Do You Really Know Who Your Customer Is? Are You Sure?

 

 

As an entrepreneur, you pride yourself on knowing your customer. You probably dream about them. But have you really defined them in a way that can move your business forward? Many business people think that broader is better. The larger my audience the more people I can sell too, right? Not necessarily. When it comes to knowing your customer, to really being able to target your customer, less is usually more.

 

Why should you better know your customer?

So, let’s break this down. We are going to focus on a small business owner that has identified her target customer as “women”. So below you will find three women. From left to right you have a senior woman, a middle-aged woman, and a young woman. Based on the example our business owner is saying that all of these ladies are her customer.

But would you put them all in the same group when it comes to how you would talk to them? Do you think you would find them in the same places? Do you think the same product, packaged the same way would appeal to all of them equally? Of course not. Each of these pictures represents women at different stages in their lives. And we haven’t even touched on race and ethnicity. Or how about lifestyle?

Okay so let’s say our small business owner reassesses things and now she says her target customer is young college women. Great, right? She isn’t thinking as broad anymore. She is looking at a narrower audience. But is it really targeted enough? So below you will find three more women. Let’s assume that all three of these women are 20 and they are in college. But will they respond the same? From left to right you have a young single mom, a 20-year-old whose parents are paying for school, and a young woman putting herself through college while working.

Based on the example our business owner is saying that all of these young women are her customer. And they may be. But would do you think the same things would appeal to each of them? Do you think talking to them the same way would work? Probably not.

Although your company can and will do business with any customer it is important to remember that keeping the overall focus of the company narrow and clearly defined will enable you to focus on desired growth areas and avoid diluting your marketing efforts. If you are trying to appeal to all the above groups with one Facebook ad or local event you risk appealing to no one.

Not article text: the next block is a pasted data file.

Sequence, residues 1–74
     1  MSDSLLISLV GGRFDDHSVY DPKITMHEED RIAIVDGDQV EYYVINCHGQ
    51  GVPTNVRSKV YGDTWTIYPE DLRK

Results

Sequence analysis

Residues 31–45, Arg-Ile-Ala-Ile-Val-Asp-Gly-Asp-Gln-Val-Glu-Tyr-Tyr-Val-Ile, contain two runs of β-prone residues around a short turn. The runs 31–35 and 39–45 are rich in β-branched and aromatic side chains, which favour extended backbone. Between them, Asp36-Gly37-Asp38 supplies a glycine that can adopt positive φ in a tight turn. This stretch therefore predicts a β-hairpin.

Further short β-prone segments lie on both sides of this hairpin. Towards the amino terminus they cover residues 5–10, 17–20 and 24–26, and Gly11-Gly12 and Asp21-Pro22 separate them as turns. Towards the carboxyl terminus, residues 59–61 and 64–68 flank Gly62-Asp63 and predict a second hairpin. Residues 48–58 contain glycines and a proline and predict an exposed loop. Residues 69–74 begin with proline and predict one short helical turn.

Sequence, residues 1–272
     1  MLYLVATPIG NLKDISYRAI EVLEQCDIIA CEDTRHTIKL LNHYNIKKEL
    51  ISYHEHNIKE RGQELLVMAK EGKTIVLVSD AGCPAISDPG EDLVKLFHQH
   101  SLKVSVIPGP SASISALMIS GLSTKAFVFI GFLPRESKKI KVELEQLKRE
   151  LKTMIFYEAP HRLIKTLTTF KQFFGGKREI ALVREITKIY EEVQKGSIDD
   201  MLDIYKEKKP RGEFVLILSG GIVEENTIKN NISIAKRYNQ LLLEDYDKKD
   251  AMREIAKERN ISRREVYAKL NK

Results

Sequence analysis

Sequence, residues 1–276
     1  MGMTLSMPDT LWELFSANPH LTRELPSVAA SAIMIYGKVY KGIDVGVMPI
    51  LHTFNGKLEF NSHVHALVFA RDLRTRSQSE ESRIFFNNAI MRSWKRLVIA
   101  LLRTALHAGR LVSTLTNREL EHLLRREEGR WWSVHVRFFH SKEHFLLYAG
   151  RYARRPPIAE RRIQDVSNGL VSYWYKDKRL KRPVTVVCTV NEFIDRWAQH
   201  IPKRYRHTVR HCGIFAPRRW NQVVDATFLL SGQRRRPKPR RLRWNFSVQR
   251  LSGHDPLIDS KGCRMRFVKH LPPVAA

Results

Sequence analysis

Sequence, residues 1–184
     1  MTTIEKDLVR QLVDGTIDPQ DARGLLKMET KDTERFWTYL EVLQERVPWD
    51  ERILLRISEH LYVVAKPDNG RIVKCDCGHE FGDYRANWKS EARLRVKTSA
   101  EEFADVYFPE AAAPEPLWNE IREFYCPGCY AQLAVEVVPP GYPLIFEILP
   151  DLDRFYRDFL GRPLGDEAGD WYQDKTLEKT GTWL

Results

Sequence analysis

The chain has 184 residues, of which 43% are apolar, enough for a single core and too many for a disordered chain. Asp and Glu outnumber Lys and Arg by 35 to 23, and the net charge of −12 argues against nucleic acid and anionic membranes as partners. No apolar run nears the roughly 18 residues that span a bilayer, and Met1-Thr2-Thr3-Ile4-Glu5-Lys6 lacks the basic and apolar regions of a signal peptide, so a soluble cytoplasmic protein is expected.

If instead, you focus your marketing and outreach efforts on a more clearly defined customer you can avoid the trap of trying to be all things to all people. This will enable you to ensure that each marketing effort, project, or sponsorship opportunity will reach your intended target.

 

How do you do it?

By now you are seeing why less is more when it comes to targeting your customer. But you are probably still wondering how do I go about doing this. As with anything else, there is the traditional way of doing it using market research and there is the entrepreneur / small business way of doing it.

Scientific market research is fantastic. And this is absolutely what you should do when you can afford to do it right. It offers you just that scientific data with which you can make decisions. It gives you a clear picture of who your current customers are and who your potential customers are likely to be. But there are two main drawbacks with this option. One is that good research costs a lot of money. Often more than you have to invest in your business. And two, it only produces good results if you have good questions. Remember I said good research costs a lot of money. But even if you spend a lot of money and don’t ask the right questions you may still fall short of getting what you need. So, if you go down the path of market research, find a reliable partner that you feel comfortable with and can afford. And make sure the right questions are being asked so that you get data that will truly help you.

Option two, the entrepreneur / small business way of doing it, is a bit more down and dirty. It is about asking yourself and your staff if you have them, questions about your customers. Sit down and examine everything you know about them. Who are they? How old are they? What are they interested in? Where do they live? Make lists. You are trying to paint a picture of your typical customer. Compare your thoughts to what Facebook, Instagram, and Twitter can tell you about your customer. Were you right? If yes great. If not, where do you differ?

Once you have better defined your customer you can begin to craft your marketing plan to best appeal to those people. No more throwing stuff (i.e. marketing money) at the wall to see what sticks. You will now be taking a more targeted approach. And now you can really pride yourself on knowing your customer. You can really dream about them and how many more of them you are going to reach. Because even though your audience (market) is narrower you’re getting a bigger share of that market propelling your company forward.

About the Author: Amy Matthews, President & CEO of AMI LC, has spent her 25-year career building strategic marketing solutions for organizations both large and small. Today she works with entrepreneurs to help them develop the marketing plan they need so that they know what to do when to do it, how much it will cost, and who can help them get it all done. She holds a Bachelor of Science degree in Business Administration with a concentration in Marketing from the University of Tennessee and an MBA from Samford University. She and her husband, Sam Kwon, live with their daughter Mia in Atlanta, Georgia. You can learn more about Amy and her company at amilc.com.